1970s[edit]

Such superstars as the Beatles (who first played in Vancouver in 1964), the Rolling Stones (who opened their infamous 1972 tour at the then-brand new Pacific Coliseum) and Elvis Presley performed at the outdoor Empire Stadium, partly to keep the "undesirable element" associated with rock'n'roll out of the city core but also because of the expectedly large number of attendees. Canadian rock band Bachman–Turner Overdrivem which had a #1 hit on the Billboard Hot 100 with "You Ain't Seen Nothin' Yet" in 1974) made Vancouver their second home. Lead singer/guitarist Randy Bachman still lives on nearby Saltspring Island) while the Poppy Family began and ended their career in Vancouver. Certain touring British and American bands (Led Zeppelin, Pink Floyd, Yes, Alice Cooper) developed avid local followings. Some non-Vancouver bands such as Heart, Van Halen, Mötley Crüe and Bon Jovi, resided and recorded in Vancouver regularly. Singer-poet Joni Mitchell continues to maintain a residence in Pender Harbour on the Sunshine Coast. One-time Georgia Straight music critic Bob Geldof went on to form the new wave band The Boomtown Rats.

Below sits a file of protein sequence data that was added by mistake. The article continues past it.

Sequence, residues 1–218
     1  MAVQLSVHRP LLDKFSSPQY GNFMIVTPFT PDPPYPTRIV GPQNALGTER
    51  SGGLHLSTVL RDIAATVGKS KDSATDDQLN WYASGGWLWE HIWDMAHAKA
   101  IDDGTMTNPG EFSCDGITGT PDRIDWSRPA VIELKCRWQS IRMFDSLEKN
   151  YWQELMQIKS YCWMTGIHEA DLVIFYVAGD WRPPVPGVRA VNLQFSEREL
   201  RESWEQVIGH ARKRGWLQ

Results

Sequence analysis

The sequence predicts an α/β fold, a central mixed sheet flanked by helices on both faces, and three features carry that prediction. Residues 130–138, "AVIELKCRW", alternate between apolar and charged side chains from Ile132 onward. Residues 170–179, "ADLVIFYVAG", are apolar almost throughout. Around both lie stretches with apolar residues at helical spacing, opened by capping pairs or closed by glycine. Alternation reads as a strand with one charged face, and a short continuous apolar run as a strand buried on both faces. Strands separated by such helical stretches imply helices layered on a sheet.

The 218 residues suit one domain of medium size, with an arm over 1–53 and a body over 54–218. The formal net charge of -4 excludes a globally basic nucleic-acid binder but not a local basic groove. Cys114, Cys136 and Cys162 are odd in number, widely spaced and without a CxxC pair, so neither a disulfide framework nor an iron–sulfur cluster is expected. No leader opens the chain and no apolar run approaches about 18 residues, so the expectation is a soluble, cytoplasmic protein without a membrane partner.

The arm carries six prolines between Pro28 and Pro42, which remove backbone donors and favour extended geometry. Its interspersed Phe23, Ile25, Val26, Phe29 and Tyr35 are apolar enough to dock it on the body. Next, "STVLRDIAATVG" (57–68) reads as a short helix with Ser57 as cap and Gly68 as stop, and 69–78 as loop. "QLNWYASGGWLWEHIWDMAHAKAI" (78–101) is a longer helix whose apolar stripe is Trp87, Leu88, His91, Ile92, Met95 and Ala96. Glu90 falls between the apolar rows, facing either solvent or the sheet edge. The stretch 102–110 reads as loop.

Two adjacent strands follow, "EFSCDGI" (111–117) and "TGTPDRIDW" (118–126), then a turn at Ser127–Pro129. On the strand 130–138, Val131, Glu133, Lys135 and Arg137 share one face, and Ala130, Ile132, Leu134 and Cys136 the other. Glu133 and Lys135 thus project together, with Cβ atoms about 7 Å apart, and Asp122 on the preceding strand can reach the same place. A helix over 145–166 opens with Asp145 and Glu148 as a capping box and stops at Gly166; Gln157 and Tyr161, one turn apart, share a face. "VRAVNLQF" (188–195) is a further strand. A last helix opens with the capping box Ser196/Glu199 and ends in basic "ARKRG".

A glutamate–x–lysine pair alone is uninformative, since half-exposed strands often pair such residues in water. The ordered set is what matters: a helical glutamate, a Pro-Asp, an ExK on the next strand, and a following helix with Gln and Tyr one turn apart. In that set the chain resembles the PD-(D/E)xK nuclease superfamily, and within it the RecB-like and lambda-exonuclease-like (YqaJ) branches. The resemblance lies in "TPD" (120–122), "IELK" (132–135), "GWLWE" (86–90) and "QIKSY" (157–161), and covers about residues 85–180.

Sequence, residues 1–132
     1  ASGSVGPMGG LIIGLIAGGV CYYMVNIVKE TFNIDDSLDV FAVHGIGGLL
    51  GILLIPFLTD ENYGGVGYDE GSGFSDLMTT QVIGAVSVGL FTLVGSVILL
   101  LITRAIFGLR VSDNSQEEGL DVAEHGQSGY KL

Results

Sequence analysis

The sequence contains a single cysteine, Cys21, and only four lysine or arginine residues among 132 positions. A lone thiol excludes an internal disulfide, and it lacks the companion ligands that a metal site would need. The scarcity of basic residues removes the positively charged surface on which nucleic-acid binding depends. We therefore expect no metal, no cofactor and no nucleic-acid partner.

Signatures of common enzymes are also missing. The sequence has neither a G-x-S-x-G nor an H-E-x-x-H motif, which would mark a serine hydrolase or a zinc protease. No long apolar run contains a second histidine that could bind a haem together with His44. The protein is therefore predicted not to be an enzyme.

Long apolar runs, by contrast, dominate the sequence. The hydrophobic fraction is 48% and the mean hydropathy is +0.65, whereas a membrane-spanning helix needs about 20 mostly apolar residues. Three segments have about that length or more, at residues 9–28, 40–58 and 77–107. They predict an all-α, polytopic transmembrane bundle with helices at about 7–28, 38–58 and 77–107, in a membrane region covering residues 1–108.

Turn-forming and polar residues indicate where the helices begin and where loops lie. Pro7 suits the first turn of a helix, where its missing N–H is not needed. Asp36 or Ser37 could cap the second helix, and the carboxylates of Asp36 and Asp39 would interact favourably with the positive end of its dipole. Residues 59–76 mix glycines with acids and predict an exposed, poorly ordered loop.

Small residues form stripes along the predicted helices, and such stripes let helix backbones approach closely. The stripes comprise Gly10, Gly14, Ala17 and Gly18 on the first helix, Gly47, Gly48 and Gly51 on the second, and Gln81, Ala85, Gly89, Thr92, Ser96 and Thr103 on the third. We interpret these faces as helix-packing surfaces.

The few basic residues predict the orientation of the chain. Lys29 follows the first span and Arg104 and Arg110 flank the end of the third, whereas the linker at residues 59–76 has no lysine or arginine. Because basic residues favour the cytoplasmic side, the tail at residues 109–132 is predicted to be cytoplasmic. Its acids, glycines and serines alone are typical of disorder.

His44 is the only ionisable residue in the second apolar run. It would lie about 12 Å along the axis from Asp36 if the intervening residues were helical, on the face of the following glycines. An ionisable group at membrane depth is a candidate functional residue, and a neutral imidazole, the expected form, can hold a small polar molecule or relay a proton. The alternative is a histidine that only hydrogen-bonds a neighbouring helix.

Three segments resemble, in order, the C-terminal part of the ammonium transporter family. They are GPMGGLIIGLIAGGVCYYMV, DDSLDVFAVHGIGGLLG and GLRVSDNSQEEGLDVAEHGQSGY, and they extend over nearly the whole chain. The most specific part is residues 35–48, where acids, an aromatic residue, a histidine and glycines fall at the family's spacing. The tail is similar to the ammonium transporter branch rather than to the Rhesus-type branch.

The 1970s brought bands such as Sweeney Todd, which featured Nick Gilder, who would go on to enjoy solo success with his Billboard Hot 100 #1 song "Hot Child In The City" from 1978, Loverboy, Nicky Chug Company, Winter's Green, Trooper, The Hometown Band, Holy Smoke and Prism to the scene. Many of these acts began their lives as cover bands and played high school dances, before hitting the big time. Folk music also began to develop and performers such as Valdy, Smiling Jack Smith and Pied Pumkin were regulars at folk festivals like the Easter Be-in held in Stanley Park and coffee houses.